This is a problem in all operating rooms. I don’t know what you have tried already but perhaps offering some non-fiscal benefits to certain surgeons who might be willing to operate later in the week. Perhaps the availability of more than one room or staggered cases to allow greater productivity. Or consider a block time system where certain surgeons who have trouble getting enough OR time can get guaranteed OR time but later in the week. Or perhaps more first assistants on Thursdays or Fridays, or more PA/NPs helping to write orders and take care of patients periop. Also, never underestimate the power of free food on Fridays.
Another equation to consider is if the implementation of a smooth operating system would be worth the risk of losing some surgeons? From your post sounds like you do not think that would be a profitable trade-off. May be worth looking at the numbers.
Are the protocols be embedded in your EMR? There are also several vendors that we are looking into that allow institution-specific protocols and the ability to track compliance, outcomes, costs. Our vendors are mainly focused on the orthopedics and cardiac spaces and include Force Therapeutics, Care Sense, and SeamlessMD.
We are asking ourselves this same question. Our model is explicitly capitated, yet our flagship service lines are growing.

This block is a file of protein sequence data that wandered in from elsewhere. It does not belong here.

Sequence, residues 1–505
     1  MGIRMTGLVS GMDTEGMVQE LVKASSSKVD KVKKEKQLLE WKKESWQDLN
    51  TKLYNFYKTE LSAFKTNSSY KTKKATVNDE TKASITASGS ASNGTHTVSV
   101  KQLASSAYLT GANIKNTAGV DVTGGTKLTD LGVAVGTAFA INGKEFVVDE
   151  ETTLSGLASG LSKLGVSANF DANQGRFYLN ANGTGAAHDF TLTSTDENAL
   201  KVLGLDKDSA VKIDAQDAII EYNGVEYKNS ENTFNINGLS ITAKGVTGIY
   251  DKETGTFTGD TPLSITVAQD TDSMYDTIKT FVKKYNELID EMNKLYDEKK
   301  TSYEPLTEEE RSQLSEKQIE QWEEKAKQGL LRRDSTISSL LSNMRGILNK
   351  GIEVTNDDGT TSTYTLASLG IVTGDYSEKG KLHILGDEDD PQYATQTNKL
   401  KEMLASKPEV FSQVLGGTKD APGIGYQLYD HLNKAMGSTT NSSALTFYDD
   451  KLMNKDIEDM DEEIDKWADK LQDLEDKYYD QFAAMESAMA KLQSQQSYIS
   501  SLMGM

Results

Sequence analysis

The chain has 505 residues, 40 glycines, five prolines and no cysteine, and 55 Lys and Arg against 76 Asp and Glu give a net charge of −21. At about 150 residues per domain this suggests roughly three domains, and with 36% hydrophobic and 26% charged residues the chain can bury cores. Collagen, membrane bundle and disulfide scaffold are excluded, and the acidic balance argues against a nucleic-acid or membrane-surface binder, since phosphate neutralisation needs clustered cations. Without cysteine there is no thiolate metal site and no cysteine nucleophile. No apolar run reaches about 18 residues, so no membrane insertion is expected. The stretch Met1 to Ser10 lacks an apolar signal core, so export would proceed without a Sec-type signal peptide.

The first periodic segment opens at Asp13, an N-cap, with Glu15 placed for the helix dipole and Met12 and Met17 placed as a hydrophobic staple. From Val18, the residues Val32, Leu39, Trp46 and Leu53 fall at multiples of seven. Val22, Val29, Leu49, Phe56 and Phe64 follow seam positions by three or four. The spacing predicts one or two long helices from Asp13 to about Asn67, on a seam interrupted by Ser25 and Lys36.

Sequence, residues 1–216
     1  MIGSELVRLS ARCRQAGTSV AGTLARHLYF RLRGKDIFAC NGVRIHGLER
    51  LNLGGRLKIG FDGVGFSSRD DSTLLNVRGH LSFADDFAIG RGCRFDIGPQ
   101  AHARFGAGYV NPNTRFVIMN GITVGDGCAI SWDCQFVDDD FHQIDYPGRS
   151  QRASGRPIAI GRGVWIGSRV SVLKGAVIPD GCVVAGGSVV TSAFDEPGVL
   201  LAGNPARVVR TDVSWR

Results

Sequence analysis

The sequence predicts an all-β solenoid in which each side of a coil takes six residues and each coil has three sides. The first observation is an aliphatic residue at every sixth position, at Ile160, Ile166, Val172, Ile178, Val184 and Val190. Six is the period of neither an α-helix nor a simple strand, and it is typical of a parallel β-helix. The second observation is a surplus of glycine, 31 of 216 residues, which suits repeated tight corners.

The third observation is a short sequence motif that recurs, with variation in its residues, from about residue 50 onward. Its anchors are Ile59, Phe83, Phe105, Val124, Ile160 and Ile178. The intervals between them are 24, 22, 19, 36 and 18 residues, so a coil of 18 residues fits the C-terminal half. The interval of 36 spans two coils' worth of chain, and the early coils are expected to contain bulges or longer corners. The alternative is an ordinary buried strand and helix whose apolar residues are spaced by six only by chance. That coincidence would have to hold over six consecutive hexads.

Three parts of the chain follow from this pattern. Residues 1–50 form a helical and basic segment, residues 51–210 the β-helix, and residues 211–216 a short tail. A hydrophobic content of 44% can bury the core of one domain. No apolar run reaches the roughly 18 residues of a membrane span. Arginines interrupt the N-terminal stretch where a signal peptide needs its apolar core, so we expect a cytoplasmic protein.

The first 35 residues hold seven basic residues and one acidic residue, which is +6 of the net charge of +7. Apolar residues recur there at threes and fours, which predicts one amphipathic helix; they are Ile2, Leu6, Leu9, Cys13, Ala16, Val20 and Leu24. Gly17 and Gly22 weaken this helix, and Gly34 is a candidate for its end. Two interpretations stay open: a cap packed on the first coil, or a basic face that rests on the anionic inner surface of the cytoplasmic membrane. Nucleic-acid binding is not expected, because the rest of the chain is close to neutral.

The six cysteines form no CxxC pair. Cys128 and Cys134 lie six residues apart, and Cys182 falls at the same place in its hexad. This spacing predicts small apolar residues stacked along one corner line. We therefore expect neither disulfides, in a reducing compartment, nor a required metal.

Our system has:
1. Engaged key physician leaders in leading service lines of each hospital to increase quality and patient satisfaction, and decrease cost.
2. Bring key physicians together from around the system in regular meetings to compare quality, patient experience, and cost. These teams meet monthly and have full support of system level finance, quality, and IT analysts to acquire data, disseminate best practices, and design system level changes.
We also have discussed directing patient flow more formally based and efficiently to direct patients to parts of the system with the highest quality, lowest wait times, and lowest costs. This has not been implemented. We are hoping that this type of physician engagement can lead to horizontally integrating care by disease state which could improve quality and reduce unnecessary care.
This is a great question which our organization is struggling with as well. Geisinger is a health system that has done a lot of work organizing teams around disease states and service lines. Penn is another, even larger health system which has committed to developing IPUs for several service lines. They are re-organizing their orthopedic and cardiovascular care across traditional departmental lines and are working through these issues. Health systems seem to often give physicians (and administrators) big system titles without the tools to create change. In order for service line leaders to control strategy and quality, those leaders need to be able to influence budget, salary, and employment decisions. Otherwise, those leaders are just asking for volunteers to change the way things are done.
Definitely keep this person until the project is complete! Since the person has valuable technical skills I would try to train her to improve her communication – this will be difficult but could work. Sometimes people have trouble with particular types of communication such as communicating with direct reports, superiors, or crisis communicating. If that all fails, maybe try to change her role to minimize the necessity for communication. As an aside, maybe the organization as a whole could simplify the team structure. This can be a challenge but can simplify communication for everyone.